A chimney is a pipe-like structure integrated into a residential or commercial building. It is used for expelling smoke from fireplaces, furnaces, or stoves.
If you are planning to build a property or remodel your existing one, a warm and cozy fireplace will be an excellent addition. After all, there is nothing quite as homely as an open fireplace to pass those cold winter nights.
To enjoy the warmth of a fireplace, you’ll need a chimney. Not all chimney types are suitable for all homes. It is, therefore, important to do some research to understand how chimneys are composed of, how they work, and decide on the right one that works for your home.
The following is a list of different types of chimneys with the pros and cons of the most typical ones to give you a better understanding of their suitability.
Types of Chimneys According to Purpose
1. Masonry chimneys
Stone fireplaces not only enhance the aesthetic appeal of a home but also provide warmth and character. Masonry chimneys are the old types that are constructed with stone, masonry blocks, concrete, or a combination of bricks and stone laid with bed mortar joints.
A fireplace that accompanies this type of chimney is usually an open log fireplace with an indented wall where all the wood is stored. Masonry chimneys are among the top preferences of prospective home buyers because of their charm and value.
A masonry chimney is built directly on the smoke chamber. It consists of a liner and wall, which must be at least 4 inches thick between the liner and the surface of the exterior. The materials used for the wall construction of the chimney are either 100% stone, block, or brick or have holes for airflow.
- Highly durable: stone chimneys last for many decades if they are properly maintained
- Full of character: most potential homebuyers are attracted to the sheer beauty of stone chimneys
- Increase a home’s value: these chimneys aren’t only preferred by potential buyers, but they also increase the resale value of a home
- Limit space: masonry chimneys require more space on the roof to be built on
- Heavy foundation required: the concrete foundation required for the chimney can often weigh as much as five or six tons
- Expensive to install. Stone chimneys are more difficult and expensive to install than pre-fabricated alternatives
2. Prefabricated Chimneys
Prefabricated chimneys are contemporary designed structures that are most often found in newly-built homes. These chimneys have innovatively designed fireplaces that are fabricated using sheet metals.
A prefab chimney is manufactured in a factory and costs less than a stone chimney. You can choose from a wide variety of designs. These chimneys are installed or assembled on site.
However, not all prefabricated fireplaces use the same type of chimney. You can choose from the following:
Double-wall prefab chimneys. This type of prefab chimney consists of twin metal layers that are often stainless steel. The insulation material is then placed in between the two metal layers.
Air-insulated chimneys. These prefab chimneys work by minimizing the airflow by trapping the air held between the metal layers and providing insulation. This way, the heat from the chimney doesn’t dissipate.
Air-cooled prefab chimneys. These chimneys are similar to the air-insulated types as they also consist of multiple metal layers with space in between each layer for airflow. But the major difference lies in the fact that these chimneys let the air out rather than keep it in. When heat is released through the chimney, the air in between the metal layers absorbs and dissipates the heat.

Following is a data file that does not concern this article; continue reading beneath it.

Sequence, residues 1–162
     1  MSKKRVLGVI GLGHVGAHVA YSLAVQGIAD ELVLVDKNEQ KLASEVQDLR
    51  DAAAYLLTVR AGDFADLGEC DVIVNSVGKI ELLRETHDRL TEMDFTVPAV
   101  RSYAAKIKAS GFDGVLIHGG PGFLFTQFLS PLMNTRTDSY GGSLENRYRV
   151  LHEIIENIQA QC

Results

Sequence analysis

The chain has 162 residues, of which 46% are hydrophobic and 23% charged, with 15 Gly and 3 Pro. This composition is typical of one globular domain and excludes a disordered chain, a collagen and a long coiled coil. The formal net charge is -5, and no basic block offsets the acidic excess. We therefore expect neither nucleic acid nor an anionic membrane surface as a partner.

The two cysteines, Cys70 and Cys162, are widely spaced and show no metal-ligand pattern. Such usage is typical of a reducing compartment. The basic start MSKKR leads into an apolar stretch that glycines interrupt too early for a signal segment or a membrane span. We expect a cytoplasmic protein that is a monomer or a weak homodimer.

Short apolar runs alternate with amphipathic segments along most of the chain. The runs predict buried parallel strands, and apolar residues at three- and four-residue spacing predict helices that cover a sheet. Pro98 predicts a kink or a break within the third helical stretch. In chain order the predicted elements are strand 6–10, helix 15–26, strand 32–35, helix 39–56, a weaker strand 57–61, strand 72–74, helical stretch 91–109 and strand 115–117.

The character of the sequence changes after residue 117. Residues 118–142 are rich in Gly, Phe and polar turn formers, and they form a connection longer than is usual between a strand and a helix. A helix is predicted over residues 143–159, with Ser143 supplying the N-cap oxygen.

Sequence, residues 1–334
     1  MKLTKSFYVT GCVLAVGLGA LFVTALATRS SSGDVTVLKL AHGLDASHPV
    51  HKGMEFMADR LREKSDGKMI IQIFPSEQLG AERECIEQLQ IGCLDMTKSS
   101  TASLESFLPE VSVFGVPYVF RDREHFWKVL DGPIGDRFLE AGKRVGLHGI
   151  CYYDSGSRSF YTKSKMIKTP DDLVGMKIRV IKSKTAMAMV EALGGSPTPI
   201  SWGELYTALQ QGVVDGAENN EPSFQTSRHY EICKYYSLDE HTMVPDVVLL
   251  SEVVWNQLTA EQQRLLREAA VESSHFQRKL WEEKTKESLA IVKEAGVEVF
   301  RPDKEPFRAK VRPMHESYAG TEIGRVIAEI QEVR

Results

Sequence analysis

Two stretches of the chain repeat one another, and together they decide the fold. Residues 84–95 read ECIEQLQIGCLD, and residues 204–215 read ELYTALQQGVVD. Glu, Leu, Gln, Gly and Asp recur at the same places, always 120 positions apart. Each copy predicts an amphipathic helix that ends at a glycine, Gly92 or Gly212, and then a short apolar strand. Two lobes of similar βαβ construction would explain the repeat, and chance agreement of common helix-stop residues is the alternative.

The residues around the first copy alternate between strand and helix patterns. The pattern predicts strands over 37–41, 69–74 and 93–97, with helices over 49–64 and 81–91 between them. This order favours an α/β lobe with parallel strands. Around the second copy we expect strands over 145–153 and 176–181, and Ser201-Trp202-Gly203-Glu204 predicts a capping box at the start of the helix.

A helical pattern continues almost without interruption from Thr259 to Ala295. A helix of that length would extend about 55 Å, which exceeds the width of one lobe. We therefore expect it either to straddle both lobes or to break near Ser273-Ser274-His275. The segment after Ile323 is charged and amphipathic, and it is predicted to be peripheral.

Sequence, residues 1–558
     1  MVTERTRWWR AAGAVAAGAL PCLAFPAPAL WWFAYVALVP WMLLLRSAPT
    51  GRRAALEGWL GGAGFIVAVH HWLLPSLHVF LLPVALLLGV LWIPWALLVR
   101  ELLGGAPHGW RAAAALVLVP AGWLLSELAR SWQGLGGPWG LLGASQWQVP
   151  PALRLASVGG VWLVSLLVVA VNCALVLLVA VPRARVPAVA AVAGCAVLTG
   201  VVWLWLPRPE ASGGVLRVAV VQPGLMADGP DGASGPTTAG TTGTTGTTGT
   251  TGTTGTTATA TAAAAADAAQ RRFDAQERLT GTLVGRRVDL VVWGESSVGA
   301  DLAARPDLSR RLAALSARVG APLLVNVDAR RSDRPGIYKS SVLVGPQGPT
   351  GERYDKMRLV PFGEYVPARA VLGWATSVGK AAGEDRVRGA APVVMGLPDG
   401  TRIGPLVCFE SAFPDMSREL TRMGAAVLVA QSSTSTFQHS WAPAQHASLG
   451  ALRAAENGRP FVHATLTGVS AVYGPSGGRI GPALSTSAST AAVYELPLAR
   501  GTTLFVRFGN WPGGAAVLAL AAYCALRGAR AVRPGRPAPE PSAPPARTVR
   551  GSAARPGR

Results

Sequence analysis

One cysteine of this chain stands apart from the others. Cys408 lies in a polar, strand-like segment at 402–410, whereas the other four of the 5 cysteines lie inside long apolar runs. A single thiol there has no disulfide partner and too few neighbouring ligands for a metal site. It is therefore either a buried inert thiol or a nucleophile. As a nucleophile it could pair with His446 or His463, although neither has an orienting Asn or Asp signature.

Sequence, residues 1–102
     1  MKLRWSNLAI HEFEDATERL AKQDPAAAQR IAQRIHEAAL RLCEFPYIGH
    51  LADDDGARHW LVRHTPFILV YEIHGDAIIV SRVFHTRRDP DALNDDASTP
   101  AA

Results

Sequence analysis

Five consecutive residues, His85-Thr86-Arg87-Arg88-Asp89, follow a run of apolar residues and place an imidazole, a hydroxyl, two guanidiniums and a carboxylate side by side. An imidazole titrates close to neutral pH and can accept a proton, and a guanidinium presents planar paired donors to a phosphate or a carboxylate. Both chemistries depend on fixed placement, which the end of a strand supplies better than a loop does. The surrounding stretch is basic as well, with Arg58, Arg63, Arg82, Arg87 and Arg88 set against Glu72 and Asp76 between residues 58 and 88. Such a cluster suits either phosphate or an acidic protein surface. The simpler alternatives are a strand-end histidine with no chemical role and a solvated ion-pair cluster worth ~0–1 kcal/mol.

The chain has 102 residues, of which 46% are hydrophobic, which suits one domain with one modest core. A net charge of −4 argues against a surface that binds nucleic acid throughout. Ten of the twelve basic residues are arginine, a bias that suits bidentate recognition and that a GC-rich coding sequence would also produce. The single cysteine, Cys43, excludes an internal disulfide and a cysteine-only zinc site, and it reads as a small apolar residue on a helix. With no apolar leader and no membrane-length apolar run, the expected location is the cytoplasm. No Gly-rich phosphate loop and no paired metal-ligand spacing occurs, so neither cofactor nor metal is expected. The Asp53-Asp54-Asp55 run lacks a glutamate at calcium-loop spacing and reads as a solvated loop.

- A cost-effective alternative: cheaper to install than masonry chimneys
- Easy to install on site
- Minimal effort to warm up the home
- Low maintenance
- Better flexibility: the combustible materials and the small clearance requirements of the fireplace provide homeowners with more flexibility when designing their new homes
- According to the Chimney Safety Institute of America, over 50% of prefab chimneys are improperly installed
- Not as durable as masonry chimneys as they can’t withstand the high heat over time
- Need regular upkeep after a few years of usage, and the aging parts require changing from time to time
3. Wood-burning Stove Chimneys
The freestanding type of wood-burning stoves can be connected to special chimneys that are made from masonry materials. Another alternative is the prefab chimney that is specifically designed and tested for wood-burning stoves.
Freestanding wood-burners can also be connected to an existing chimney, provided the position and height of the flue liner allow it. There are stoves that give you the option of burning pellets, not just wood.
The installation process of a wood-burning stove works by venting the exhaust from the stove through the connection pipe from the appliance all the way to the ceiling and the roof. It is important for the pipe of the stove to remain in a vertical position for adequate venting.
Most wood-burning stove chimneys are metal, stone, or prefabricated, depending on the type of stove chosen as the chimney must withstand the high heat generated from the stove.
- Highly efficient for heating the home
- More design options are available
- Suit all budgets. More affordable to install than masonry chimneys with the same enjoyment of a traditional fire
- Will require more space for placing the stove inside the home and building a chimney
- Can damage the walls or warp if not properly maintained
- Smoke from the pipes can seep through and blacken the walls
- Need to be connected to an outside vent to enhance airflow, thus home can get drafty
Types of Chimneys According To Materials
4. Metal Chimneys
Metal is an excellent heat conductor, and as such, metal chimneys make a good option. Metal is highly durable, doesn’t corrode or rust, and it’s abrasion-resistant. This material is especially ideal for high humid climates, hence the reason why many stone chimneys use metal flue liners.